BURBANK, Calif. -- Walt Disney Co. said Thrusday sales of its home-video version of 'Aladdin' have topped 21 million, making it the best-selling videocassette ever.
The performance for 'Aladdin' beat the record set last year by the video version of Disney's 'Beauty and the Beast.'
''Aladdin' consumer sales are currently more than 10 percent ahead of 'Beauty and theBeast' consumer sales at the same time last year,' said Ann Daly, president of Buena Vista Home Video. 'Additionally, our retailers are reporting that 'Aladdin' is the locomotive driving record sales across the entire video category.'
The performance by 'Aladdin' underscores the dominance of Disney in the home-video business. Besides 'Aladdin' and 'Beauty and the Beast, ' the next three best-sellers are also from Disney: '101 Dalmatians' (15.9 million); 'Fantasia' (14.2 million) and 'Pinocchio' (13.4 million).
Disney previously reported that 'Aladdin,' which went on sale on Oct. 1 for a suggested price of $24.99, sold 16 million copies in its first three weeks. Many of the copies are discounted or have rebates, but the latest sales figure means gross sales are probably around $500 million.
Disney executives predicted earlier this year that 'Aladdin' would easily top the lofty figures served up by 'Beauty and the Beast.' Their optimism about the performance of 'Aladdin' in the home-video arena is well-founded, since the movie was the 13th best grosser of all time in U.S. theaters with a box office take of nearly $217 million.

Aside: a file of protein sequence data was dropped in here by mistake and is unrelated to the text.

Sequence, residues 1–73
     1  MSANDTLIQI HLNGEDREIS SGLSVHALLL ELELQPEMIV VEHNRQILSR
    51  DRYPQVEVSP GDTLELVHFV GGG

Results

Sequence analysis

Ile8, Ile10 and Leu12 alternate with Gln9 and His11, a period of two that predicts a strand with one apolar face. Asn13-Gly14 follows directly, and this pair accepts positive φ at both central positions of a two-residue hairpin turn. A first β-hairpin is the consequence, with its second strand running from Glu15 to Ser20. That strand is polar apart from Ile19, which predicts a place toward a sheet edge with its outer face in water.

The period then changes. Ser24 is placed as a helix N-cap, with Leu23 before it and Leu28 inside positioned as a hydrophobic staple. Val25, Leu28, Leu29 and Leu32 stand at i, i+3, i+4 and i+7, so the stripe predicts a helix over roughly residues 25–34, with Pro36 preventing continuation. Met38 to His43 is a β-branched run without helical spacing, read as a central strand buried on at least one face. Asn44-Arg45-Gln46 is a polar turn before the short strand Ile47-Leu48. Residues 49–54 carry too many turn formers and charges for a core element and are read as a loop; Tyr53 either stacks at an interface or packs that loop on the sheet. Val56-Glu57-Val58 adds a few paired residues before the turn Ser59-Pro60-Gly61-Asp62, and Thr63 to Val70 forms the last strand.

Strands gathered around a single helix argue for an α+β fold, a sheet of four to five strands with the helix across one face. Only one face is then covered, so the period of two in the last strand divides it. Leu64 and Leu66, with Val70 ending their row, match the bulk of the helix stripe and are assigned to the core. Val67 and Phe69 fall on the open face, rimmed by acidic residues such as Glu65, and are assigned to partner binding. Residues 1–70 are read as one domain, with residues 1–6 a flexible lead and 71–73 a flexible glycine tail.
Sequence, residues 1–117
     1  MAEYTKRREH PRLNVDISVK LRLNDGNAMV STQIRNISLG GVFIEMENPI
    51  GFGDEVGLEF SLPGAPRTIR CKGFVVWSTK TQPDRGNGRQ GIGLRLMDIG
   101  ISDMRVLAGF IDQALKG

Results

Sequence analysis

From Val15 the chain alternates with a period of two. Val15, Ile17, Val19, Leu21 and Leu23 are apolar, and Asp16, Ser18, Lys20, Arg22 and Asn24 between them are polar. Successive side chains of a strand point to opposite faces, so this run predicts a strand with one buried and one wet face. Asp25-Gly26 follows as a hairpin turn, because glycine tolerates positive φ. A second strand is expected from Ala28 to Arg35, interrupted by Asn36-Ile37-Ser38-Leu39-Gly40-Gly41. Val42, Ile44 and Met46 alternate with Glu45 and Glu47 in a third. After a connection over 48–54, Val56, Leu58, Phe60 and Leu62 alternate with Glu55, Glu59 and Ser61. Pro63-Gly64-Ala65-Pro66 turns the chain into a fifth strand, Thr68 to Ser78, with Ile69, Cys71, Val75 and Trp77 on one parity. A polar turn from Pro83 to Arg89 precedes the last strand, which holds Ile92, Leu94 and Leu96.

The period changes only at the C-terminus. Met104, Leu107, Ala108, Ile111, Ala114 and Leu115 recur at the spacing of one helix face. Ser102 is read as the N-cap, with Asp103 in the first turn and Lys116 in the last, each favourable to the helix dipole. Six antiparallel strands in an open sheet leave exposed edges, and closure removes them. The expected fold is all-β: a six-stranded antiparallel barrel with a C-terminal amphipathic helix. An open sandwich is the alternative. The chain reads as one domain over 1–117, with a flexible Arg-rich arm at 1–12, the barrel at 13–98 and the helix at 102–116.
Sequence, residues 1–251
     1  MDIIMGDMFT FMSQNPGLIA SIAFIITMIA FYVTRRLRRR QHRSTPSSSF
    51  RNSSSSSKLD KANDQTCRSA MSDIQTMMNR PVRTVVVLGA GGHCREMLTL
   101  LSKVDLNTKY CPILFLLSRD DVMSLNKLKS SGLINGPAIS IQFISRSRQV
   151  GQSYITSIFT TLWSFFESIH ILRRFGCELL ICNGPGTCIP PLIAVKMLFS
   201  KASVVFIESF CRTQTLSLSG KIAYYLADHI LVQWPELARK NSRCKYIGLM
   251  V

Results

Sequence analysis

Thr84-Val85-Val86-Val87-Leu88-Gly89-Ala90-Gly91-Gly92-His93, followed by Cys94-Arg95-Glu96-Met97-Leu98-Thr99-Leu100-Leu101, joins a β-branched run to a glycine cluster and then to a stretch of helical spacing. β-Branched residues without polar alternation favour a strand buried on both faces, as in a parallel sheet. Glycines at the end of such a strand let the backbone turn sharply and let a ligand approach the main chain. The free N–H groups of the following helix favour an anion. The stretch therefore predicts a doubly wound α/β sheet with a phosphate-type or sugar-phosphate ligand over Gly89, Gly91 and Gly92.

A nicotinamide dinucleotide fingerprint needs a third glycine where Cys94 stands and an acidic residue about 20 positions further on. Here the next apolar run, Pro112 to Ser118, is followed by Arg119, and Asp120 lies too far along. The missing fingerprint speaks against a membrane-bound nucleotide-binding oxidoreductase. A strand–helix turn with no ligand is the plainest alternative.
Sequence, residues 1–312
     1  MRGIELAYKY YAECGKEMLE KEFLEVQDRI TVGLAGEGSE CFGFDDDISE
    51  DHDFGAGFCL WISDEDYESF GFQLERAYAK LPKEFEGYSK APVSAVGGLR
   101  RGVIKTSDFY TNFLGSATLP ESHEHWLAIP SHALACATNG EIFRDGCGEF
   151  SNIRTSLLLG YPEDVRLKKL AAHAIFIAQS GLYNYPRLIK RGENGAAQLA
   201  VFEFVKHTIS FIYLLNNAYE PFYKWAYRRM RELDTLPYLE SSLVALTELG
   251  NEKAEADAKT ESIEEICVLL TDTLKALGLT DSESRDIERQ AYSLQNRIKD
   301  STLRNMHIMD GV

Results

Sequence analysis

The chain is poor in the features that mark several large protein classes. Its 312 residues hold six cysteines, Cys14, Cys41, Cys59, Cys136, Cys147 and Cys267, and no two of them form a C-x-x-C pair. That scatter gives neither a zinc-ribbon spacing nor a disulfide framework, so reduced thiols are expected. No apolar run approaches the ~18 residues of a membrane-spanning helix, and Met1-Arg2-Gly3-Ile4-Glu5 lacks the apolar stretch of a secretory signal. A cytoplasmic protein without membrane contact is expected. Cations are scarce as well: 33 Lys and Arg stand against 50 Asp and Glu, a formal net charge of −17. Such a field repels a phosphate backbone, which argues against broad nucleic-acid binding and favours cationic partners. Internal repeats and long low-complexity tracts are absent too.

Disney executives said earlier this year that 'Aladdin' had the highest 'purchase intent' of any home video it had ever released. Disney has also brought its usual marketing power to the campaign, with tie-ins involving PepsiCo Inc.'s Pizza Hut unit and a $5 rebate from Colgate-Palmolive's Colgate toothpaste for use with all Disney 'classic' animated films.
Disney will pull 'Aladdin' from store shelves around next March or April.
Disney currently has a leading 22.4 percent share of the $12 billion home-video market, which is expected to see double-digit revenue growth in the business this year with more than 70 million U.S. homes now owning videocassette recorders. The overall market is expected to grow to $14 billion this year and $21 billion by the year 2000.
Disney, of Burbank, Calif., has a huge library of animated films. Its other successful home-video titles include 'Cinderella,' 'Bambi,' 'Who Framed Roger Rabbit,' 'The Little Mermaid,' 'The Jungle Book' and 'The Rescuers Down Under.'
The success of the Disney animated videos show the growing acceptance of purchasing home videos as gifts, particularly for parents wanting wholesome entertainment for their children. In recent years, analysts say, consumers have overcome initial resistance to buying a videos as prices for the videos have dropped into the $15 to $30 range.